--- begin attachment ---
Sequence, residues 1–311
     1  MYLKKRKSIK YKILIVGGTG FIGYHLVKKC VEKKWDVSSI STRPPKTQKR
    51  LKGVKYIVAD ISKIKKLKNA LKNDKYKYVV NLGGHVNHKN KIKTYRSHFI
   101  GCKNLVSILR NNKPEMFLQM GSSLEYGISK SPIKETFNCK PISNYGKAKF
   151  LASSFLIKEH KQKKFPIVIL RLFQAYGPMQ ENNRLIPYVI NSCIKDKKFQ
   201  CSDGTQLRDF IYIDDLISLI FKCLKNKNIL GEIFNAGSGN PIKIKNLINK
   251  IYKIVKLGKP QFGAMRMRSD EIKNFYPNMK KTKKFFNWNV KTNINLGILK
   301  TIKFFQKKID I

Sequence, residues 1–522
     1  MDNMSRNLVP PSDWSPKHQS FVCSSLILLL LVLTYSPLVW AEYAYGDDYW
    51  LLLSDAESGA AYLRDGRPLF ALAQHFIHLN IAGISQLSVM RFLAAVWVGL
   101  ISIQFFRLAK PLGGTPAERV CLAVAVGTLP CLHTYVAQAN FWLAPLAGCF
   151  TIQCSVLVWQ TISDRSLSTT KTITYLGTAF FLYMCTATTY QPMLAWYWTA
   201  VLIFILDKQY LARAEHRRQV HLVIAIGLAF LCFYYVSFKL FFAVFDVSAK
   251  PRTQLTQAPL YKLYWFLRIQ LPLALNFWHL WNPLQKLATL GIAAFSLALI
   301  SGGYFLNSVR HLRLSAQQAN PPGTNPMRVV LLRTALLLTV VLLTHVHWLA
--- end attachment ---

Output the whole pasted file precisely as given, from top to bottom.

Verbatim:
Sequence, residues 1–311
     1  MYLKKRKSIK YKILIVGGTG FIGYHLVKKC VEKKWDVSSI STRPPKTQKR
    51  LKGVKYIVAD ISKIKKLKNA LKNDKYKYVV NLGGHVNHKN KIKTYRSHFI
   101  GCKNLVSILR NNKPEMFLQM GSSLEYGISK SPIKETFNCK PISNYGKAKF
   151  LASSFLIKEH KQKKFPIVIL RLFQAYGPMQ ENNRLIPYVI NSCIKDKKFQ
   201  CSDGTQLRDF IYIDDLISLI FKCLKNKNIL GEIFNAGSGN PIKIKNLINK
   251  IYKIVKLGKP QFGAMRMRSD EIKNFYPNMK KTKKFFNWNV KTNINLGILK
   301  TIKFFQKKID I

Sequence, residues 1–522
     1  MDNMSRNLVP PSDWSPKHQS FVCSSLILLL LVLTYSPLVW AEYAYGDDYW
    51  LLLSDAESGA AYLRDGRPLF ALAQHFIHLN IAGISQLSVM RFLAAVWVGL
   101  ISIQFFRLAK PLGGTPAERV CLAVAVGTLP CLHTYVAQAN FWLAPLAGCF
   151  TIQCSVLVWQ TISDRSLSTT KTITYLGTAF FLYMCTATTY QPMLAWYWTA
   201  VLIFILDKQY LARAEHRRQV HLVIAIGLAF LCFYYVSFKL FFAVFDVSAK
   251  PRTQLTQAPL YKLYWFLRIQ LPLALNFWHL WNPLQKLATL GIAAFSLALI
   301  SGGYFLNSVR HLRLSAQQAN PPGTNPMRVV LLRTALLLTV VLLTHVHWLA